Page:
The investigation will involve an accident reconstruction to determine the speed and details of the crash, Bernstein said. A toxicology analysis will determine whether the driver was drunk or under the influence of drugs.
"You hope the state police will move expeditiously," Bernstein added. "We'll wait for the state police to complete its investigation."
Jim Crawford, a Baltimore defense attorney for more than 20 years who has handled vehicular homicide and manslaughter cases, said such investigations typically play out slowly and methodically.
Police are "going to defer in any type of case like this, normally to the state's attorney's office, because they don't want to screw it up," he said.
Warren A. Brown, a Baltimore defense attorney, said he has never seen a law enforcement agency immediately charge a driver in a vehicular manslaughter or homicide case.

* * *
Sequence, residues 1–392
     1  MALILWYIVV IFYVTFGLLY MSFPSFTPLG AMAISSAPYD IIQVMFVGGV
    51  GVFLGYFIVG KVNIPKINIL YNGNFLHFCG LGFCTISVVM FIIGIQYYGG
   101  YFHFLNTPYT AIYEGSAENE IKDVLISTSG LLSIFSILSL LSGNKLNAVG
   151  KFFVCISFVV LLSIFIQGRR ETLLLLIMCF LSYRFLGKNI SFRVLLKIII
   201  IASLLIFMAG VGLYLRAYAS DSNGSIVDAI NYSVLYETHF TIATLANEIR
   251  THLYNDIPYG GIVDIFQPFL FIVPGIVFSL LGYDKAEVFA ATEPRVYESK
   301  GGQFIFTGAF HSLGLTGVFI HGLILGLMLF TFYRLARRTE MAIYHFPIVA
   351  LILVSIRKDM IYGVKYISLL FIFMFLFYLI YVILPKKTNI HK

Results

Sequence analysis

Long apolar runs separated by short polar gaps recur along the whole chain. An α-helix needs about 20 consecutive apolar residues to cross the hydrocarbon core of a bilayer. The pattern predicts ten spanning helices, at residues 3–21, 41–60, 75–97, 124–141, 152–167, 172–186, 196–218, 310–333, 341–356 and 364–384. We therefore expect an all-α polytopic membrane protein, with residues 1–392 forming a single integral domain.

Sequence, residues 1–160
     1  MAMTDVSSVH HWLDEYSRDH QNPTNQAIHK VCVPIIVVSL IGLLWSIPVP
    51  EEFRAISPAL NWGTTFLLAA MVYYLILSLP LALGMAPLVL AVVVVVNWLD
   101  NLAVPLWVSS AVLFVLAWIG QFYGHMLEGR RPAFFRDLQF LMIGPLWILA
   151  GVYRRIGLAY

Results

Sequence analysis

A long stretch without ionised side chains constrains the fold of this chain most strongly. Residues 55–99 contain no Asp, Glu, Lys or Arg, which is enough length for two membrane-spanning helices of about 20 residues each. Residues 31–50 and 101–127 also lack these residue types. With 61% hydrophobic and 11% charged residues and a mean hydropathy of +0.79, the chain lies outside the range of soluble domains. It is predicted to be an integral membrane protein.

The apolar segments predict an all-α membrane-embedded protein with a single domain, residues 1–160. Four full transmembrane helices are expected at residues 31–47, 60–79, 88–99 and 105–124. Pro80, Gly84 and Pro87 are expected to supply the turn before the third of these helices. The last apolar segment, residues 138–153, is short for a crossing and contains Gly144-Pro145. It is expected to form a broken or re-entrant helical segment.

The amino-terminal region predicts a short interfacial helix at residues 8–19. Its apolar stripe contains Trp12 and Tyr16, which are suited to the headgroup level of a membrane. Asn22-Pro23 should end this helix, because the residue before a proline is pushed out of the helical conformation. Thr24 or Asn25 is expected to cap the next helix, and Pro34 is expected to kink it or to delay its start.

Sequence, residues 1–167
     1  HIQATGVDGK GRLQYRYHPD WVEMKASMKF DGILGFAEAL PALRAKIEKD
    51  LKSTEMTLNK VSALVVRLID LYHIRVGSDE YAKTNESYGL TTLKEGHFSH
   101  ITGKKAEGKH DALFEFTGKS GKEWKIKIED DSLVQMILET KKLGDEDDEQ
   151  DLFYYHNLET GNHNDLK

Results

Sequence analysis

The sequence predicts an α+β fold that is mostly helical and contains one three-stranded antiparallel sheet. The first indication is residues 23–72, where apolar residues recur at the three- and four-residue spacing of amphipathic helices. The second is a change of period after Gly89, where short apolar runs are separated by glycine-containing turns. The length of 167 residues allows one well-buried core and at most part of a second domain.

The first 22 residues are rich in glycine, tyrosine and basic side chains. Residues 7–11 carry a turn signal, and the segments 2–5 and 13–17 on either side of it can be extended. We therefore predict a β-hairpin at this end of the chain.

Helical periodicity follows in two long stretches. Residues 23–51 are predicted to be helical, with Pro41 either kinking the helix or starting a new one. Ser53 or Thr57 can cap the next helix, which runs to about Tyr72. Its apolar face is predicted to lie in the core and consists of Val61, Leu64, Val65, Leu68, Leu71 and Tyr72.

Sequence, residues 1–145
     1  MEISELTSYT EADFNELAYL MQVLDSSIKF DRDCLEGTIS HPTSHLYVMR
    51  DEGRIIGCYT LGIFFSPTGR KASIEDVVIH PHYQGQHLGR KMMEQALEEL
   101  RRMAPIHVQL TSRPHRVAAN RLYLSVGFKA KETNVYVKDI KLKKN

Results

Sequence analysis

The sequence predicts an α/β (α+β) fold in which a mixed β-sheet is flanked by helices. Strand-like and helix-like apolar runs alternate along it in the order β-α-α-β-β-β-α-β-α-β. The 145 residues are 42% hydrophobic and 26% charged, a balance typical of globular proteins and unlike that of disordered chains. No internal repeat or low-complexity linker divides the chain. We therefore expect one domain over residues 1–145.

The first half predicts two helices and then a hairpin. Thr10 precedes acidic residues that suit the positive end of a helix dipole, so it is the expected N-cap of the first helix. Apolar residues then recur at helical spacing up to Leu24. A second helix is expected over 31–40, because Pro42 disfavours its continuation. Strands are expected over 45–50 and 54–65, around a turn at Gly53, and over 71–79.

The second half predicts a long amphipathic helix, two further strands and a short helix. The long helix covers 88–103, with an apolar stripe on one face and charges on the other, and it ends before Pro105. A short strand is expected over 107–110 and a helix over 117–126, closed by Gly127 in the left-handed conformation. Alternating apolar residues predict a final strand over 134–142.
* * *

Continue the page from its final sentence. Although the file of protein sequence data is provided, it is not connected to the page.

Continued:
"It takes a lot of investigation for them finally to decide," he said. "They'll bring charges but they'll have their house in order for that to occur."
For example, Thomas Meighan Jr., who was convicted in 2011 of hitting and killing Johns Hopkins University student Miriam Frankl, was not arrested until a week after she died.
At least one past case has shown charging drivers involved in deaths with traffic violations can endanger vehicular homicide prosecutions. In 2004, an Ellicott City woman avoided a vehicular-homicide charge after killing a motorcyclist in a drunken-driving accident because a police officer issued the woman a negligent-driving citation on the night of the crash.
A Howard County circuit judge ruled that the citation protected her from prosecution on a vehicular-homicide charge, because negligent driving is considered a lesser form of motor vehicle homicide.
Hersl's friends are struggling to imagine how the victim would have wanted the case to unfold.
"He was always fair, so I know he would want a fair process. I think he'd leave it to the state's attorney," friend and neighbor Paul Oliver said. "He believed in the system and he believed in doing things right. It's a tough one to swallow."
Baltimore Sun staff writer Alison Matas contributed to this article.